Bring “Oxygen” to Your Life

There never seems to be enough hours in the day.  If you are a caregiver, you know this better than anyone, for your schedule is not your own.  Yet, I have heard many of my elderly clients say, “You must make the time because it is important to your well-being.”  Here are some suggestions I have learned along the way that might bring some “oxygen” to your life, so you can breathe again.

  • You’re all you’ve got!  Make dates with your spouse and children to keep your sanity in check, and the bonds of relationships fresh.  This is imperative, so make yourself a promise to do this.
  • Rest and replenish, even if you have to steal private moments in the backyard, in prayer or meditation, or just sitting.
  • If you are experiencing guilt, anger, jealousy, resentment, etc., seek the assistance of close friends, a counselor, your minister or rabbi.  Realize that most of what you are feeling is perfectly normal.  Know when to seek professional help, if you become depressed, anxious, or experience feelings that are not normal.
  • Combat depression by finding time to engage in an activity that brings you pleasure — a walk with your children or grandchildren, writing in your journal, getting out to shop for 2 or 3 hours.  Respite care is available in many communities, just so you can rest from caregiving.
  • Pay attention to these things: sleeping, nutrition, exercise.  Eat as well as you can; snack on fruits (natural pick-me-up) and granola bars, plus plenty of water.  The brain is less tired when hydrated and your organs love it too.  Sleep is one of the first things we miss in stressful situations.  Instead of relying on sleep aids, try listening to soothing music, curling up with a good book, and cutting down on caffeine.
  • If your loved one is napping, pop a yoga DVD into the TV and do some stretching; very invigorating.  Better yet, if you can get away for an hour, go get a massage.
  • Listen to music during the day, preferably easy listening, classical, or other calming music.
  • Spiritual self-care: make time for reflection and spend time with nature.  Stay connected to your faith-based organization, or consider joining one.  Be open to inspiration that will come from others.  Surround yourself with kind and loving people.

© 2010 Julie Hall

How to Care for Yourself While Caring for Others

I find it hard to believe there is actually a word in the English language that could possibly describe what caregivers go through.  There can’t be.  What is experienced during the caregiving process is often a deep, emotional shift accompanied by confusion, frustration, even resentment for many.  Somewhere along the line, one loses oneself and their individuality blurs with the needs of the loved one.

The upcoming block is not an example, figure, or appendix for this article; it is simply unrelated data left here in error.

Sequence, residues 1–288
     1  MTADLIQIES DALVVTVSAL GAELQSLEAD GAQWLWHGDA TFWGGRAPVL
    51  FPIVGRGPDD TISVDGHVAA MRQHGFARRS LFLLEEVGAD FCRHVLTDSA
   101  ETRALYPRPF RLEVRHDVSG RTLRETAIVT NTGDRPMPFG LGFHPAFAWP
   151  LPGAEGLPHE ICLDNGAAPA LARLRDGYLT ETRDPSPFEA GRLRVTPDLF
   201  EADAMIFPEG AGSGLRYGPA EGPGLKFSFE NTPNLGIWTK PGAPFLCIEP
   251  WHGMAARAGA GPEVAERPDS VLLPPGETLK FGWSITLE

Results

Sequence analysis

Most are caregivers out of love and affection, and others caregive because it is not financially feasible to pay for professional care.  Perhaps a child has a strong desire to care for mom and dad, or possibly a sense of obligation.  They will caregive for as long as they can, only to surrender when they reach a point when they can no longer offer the quality of care the loved one really needs.  It make no difference what the scenario is — all have experienced the same emotional labor.

Who then will care for you, the caregiver?  Ultimately the answer is you.  We’ve all heard the saying: “You have to remain strong for those you care for, so please take care of yourself.”  But are caregivers really taking the time to replenish their bodies, minds, and souls?  If I were a betting lady, I would say no.

As a dutiful daughter myself, I would, without thought, put my parents first at every turn, and would eventually become weak in body, mind and soul.  Lost somewhere between raising children and tending to fragile parents, there is a place called limbo, and we must prevent ourselves from going there by anchoring to a solid, stable place.

What I have learned along the way from my clients is that it is 100% necessary to tend to yourself.  This brings with it the image of being on an airplane; the flight attendant talks about placing the oxygen over your moutn before assisting others.  You do this because without you, others might perish.  The strong one must get stronger (have oxygen) before helping those who aren’t strong.  Place the mask over your face and “breathe.”  The same is true when your feet are on the ground, and you are a caregiver.

Next week, I’ll offer some specific suggestions for bringing “oxygen” to your own life.  Please come back!

© 2010 Julie Hall